My Tabriz1, my Tabriz, my gorgeous Tabriz!
I won't let you embrace strangers,
Let me fling my arms round your neck!
Your brother speaking your language, having your blood,
Your close friend sharing your distress
Has come to your festivity, to your celebration.
You met me with salt and bread,2
You met me with flowers from your garden,
You met me with your honest heart,
My Tabriz, my Tabriz, oh, my Tabriz,
Let the mists lift away from above your head, my Tabriz!
Those who have undergone isolation can value you,
Those who have shed tears while parting cherish you,
Those who have lived dark lives can value you,
I picked flowers from your garden, my Tabriz,
My sorrow revived again, my Tabriz!
How beautiful the willows are along the roads,
And boys of courage under the shadow of the willows
Are listening to the advice of their grandfathers,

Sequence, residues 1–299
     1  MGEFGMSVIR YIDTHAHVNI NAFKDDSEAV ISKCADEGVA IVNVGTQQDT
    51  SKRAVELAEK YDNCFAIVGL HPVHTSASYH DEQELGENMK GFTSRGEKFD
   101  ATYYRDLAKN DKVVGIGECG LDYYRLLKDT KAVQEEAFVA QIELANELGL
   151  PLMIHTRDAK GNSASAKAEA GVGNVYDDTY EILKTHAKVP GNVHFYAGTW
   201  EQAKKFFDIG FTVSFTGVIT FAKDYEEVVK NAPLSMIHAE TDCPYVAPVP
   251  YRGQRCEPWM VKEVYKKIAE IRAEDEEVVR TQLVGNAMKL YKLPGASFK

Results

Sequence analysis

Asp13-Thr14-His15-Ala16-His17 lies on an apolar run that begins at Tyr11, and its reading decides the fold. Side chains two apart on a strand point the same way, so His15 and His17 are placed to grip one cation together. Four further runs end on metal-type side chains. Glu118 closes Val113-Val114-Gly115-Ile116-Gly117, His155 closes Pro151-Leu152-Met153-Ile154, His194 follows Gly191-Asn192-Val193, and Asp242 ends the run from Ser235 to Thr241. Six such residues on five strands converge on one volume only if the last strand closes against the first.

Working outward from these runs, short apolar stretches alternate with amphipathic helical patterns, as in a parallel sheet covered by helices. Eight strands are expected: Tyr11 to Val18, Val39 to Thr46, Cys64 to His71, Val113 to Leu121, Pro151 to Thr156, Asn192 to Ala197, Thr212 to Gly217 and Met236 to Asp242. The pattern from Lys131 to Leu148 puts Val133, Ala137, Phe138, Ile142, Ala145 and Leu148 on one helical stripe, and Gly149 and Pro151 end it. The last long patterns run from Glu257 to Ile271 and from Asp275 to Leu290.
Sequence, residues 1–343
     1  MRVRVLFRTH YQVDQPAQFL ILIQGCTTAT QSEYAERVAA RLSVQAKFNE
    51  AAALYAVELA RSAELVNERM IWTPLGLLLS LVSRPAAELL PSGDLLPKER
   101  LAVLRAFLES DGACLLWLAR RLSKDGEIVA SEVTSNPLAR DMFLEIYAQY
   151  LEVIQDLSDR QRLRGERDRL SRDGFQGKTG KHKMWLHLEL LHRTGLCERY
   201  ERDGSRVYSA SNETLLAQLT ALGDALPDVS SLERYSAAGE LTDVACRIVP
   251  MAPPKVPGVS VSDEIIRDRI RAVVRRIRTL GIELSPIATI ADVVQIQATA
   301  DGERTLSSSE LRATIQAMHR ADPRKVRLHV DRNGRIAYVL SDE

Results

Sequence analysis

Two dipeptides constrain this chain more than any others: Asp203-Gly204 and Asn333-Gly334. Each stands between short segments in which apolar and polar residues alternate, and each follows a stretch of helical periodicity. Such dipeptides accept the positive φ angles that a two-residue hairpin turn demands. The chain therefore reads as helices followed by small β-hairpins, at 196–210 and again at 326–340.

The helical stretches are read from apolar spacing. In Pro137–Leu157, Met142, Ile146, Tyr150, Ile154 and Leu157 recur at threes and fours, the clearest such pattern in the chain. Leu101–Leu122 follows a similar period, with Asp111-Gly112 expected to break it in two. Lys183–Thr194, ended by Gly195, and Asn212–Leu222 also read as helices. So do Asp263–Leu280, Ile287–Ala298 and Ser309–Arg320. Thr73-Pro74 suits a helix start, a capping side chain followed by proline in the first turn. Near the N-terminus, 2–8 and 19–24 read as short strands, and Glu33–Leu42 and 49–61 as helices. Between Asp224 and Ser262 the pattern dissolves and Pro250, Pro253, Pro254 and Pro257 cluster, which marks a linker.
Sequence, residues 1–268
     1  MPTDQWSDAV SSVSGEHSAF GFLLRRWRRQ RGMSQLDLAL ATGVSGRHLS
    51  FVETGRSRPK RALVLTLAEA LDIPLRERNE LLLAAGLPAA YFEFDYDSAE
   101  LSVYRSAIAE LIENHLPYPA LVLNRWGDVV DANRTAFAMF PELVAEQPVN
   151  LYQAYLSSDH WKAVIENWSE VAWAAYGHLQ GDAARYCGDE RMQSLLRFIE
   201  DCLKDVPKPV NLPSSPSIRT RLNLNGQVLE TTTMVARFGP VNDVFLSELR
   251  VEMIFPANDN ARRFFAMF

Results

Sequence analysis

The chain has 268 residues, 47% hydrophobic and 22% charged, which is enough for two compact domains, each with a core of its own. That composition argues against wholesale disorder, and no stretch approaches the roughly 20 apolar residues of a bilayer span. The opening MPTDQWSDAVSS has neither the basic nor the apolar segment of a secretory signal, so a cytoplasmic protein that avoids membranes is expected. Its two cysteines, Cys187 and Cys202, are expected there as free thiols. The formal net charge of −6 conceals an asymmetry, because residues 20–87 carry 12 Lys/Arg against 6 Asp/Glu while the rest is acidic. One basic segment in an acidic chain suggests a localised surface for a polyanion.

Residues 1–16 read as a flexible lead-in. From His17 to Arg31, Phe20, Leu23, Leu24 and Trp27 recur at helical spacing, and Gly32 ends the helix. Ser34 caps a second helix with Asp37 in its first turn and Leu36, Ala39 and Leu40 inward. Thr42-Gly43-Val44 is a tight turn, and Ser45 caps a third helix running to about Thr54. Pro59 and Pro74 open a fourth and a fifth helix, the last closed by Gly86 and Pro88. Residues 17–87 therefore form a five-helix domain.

And their blood boils up, my Tabriz,
These courageous boys are wonderful, my Tabriz!
I'll cry if you're crying, I'll laugh if you're laughing,
I'll live if you're living, I'll die if you are no more,
I'll share all I have with you,
Let me kiss you once more, my Tabriz!
Let me scatter flowers around you, my Tabriz!
What do those deep, meaningful looks mean?
What do the rains coming out of your eyes mean?
What do those autumns and winters in your soul mean?
Don't be downcast like an orphan, my Tabriz!
Don't be so mournful, my Tabriz!
I beg your flowers!
I beg your tongue to call me "Brother"!
I beg your land and your ground!
I never get tired of looking at your beauty,
My Tabriz, my Tabriz, my gorgeous Tabriz!
Suleyman Rustam (1906 - 1989) Azerbaijan
Translated by Aynur Hajiyeva
- Referring to the division of Azerbaijan into two parts by a treaty between Russia and Iran in 1813. Tabriz (Iran) is the major centre of Southern Azerbaijan.
- "Salt and bread" - A tradition symbolising friendship and bonding among Azerbaijanis is to greet close, intimate friends and respected guests with salt and bread.